Tag Archives: Going Solo

Dahl interrupted

Some of you will remember our Roald Dahl mission, in which we set out to read all of his kids’ stories in a more-or-less row, including the autobiographies. We loved Boy, which revealed the dramatic highs and lows of Dahl’s childhood — how his nose was mostly sliced off in a motor-car accident with his “ancient half sister” at the wheel; how he placed a dead mouse in the gobstopper jar at a mean, grubby woman’s sweet shop, and was caned by his headmaster as punishment; and how he read the entire works of Charles Dickens on his stints warming the toilet seat for a nasty prefect at school.

We moved on to Going Solo with great enthusiasm. The book covers Dahl’s years in East Africa working for Shell Oil, and his experience as a fighter pilot in World War 2. N was shocked and delighted from the very beginning, and especially enjoyed Dahl’s ship voyage to Dar es Salaam, when he regularly encountered the portly and elderly Major Griffiths and his wife out for a stark-naked, stimulating prance around the decks each morning.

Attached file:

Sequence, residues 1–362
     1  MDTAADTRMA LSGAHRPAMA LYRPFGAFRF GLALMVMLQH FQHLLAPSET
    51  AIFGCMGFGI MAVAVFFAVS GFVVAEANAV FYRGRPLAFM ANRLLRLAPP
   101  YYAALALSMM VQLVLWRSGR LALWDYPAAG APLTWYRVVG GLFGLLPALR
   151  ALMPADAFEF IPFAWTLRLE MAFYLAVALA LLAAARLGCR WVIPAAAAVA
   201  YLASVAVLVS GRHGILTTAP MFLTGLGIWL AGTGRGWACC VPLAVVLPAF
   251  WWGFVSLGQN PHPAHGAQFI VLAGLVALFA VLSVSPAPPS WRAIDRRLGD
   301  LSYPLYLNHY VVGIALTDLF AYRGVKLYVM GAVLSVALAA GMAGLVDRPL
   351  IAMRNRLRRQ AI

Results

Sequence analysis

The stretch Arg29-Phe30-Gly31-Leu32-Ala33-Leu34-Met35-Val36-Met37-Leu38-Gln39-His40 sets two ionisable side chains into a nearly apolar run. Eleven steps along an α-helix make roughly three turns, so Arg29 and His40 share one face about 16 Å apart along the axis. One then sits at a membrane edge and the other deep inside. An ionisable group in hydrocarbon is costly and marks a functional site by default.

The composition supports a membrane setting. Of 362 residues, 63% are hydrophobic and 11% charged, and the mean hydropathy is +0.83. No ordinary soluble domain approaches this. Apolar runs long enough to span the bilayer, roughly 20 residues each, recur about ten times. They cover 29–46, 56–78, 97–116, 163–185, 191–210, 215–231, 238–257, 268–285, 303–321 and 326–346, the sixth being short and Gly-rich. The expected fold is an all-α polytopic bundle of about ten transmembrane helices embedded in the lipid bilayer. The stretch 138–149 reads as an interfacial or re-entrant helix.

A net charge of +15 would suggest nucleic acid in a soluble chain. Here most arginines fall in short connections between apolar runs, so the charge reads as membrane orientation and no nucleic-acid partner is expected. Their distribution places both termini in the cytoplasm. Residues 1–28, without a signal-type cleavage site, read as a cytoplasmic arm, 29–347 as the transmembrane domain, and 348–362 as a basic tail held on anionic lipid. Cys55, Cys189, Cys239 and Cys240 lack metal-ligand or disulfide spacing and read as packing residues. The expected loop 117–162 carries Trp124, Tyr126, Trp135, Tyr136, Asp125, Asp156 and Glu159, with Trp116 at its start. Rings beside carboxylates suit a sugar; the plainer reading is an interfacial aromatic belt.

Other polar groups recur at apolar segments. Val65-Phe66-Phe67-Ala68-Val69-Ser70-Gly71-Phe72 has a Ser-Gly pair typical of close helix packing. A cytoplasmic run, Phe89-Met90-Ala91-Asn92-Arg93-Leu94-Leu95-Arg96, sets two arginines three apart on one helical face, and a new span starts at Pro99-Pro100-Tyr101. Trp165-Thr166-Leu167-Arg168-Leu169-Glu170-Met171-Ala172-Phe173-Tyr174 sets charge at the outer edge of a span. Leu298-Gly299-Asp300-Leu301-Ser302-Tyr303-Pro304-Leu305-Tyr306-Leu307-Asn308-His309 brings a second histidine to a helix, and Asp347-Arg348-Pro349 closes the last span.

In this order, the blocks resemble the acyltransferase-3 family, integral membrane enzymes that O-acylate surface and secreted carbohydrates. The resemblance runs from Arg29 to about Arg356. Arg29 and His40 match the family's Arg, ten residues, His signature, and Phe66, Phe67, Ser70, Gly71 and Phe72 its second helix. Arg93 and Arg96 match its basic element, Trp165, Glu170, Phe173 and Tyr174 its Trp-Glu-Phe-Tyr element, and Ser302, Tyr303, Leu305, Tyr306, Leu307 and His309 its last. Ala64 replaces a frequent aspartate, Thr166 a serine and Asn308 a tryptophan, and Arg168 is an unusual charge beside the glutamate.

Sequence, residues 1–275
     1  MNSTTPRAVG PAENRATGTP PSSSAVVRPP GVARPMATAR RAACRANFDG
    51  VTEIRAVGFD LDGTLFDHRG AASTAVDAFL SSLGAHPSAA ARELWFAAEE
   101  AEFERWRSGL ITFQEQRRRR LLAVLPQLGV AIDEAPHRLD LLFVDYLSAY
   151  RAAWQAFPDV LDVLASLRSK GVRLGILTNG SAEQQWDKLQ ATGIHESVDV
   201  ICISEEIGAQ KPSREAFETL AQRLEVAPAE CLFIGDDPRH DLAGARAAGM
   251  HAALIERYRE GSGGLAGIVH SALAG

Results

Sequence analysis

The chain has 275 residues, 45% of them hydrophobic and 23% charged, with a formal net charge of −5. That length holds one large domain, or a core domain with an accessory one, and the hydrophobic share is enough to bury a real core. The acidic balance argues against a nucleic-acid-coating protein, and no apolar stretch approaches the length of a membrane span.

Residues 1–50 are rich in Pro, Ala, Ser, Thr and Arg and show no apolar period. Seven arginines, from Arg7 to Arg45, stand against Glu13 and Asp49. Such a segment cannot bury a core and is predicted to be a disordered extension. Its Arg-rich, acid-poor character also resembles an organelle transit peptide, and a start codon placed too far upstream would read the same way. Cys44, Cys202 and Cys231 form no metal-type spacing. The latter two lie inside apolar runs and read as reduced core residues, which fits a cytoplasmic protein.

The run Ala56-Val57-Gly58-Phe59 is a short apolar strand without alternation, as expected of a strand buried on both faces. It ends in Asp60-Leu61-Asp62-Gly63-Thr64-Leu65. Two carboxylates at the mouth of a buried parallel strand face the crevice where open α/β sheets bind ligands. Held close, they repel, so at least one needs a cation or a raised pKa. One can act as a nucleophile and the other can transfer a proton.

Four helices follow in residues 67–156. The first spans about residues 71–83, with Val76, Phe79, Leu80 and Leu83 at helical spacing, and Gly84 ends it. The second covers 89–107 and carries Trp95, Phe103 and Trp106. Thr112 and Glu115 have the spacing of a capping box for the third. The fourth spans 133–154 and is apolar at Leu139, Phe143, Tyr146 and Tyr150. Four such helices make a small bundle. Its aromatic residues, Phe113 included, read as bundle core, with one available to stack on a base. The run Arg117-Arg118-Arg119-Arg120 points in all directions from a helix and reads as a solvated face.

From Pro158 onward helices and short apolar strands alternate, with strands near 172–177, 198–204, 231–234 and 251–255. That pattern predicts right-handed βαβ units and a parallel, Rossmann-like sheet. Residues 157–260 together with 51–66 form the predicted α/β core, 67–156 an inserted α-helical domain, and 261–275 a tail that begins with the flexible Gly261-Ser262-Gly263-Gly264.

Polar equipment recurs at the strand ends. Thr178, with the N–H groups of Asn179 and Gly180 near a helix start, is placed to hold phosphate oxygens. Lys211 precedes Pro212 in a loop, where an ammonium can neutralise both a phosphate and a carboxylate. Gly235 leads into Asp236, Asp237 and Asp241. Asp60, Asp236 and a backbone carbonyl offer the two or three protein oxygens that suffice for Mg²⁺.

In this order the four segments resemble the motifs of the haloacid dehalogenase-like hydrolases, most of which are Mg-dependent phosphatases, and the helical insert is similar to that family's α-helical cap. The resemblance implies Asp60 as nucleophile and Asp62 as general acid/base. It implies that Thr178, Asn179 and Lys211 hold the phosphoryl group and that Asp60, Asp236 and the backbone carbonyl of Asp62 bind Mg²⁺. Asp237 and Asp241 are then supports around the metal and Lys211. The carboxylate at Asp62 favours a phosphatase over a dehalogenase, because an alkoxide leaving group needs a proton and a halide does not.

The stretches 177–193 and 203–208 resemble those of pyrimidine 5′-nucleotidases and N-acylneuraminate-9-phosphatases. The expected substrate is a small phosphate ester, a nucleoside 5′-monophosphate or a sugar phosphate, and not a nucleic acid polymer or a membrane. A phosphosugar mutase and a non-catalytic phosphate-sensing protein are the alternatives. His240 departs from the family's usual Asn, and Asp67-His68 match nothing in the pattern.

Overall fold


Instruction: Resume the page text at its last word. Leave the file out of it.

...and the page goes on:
“Here was I, a bundle of youthful self-consciousness, gaping at him through the port-hole and disapproving quite strongly of what he was doing. But I was also envying him. I was actually jealous of his total don’t-give-a-damn attitude, and I wished like mad that I myself had the guts to go out there and do the same thing.”

So it started out well. But then war broke out. Dahl — though “just a chap who works for Shell” — was given a platoon, along with the task of rounding up every German attempting to escape Dar es Salaam, and delivering them to the prison camp. He’s told he should “mow them down” if they put up resistance.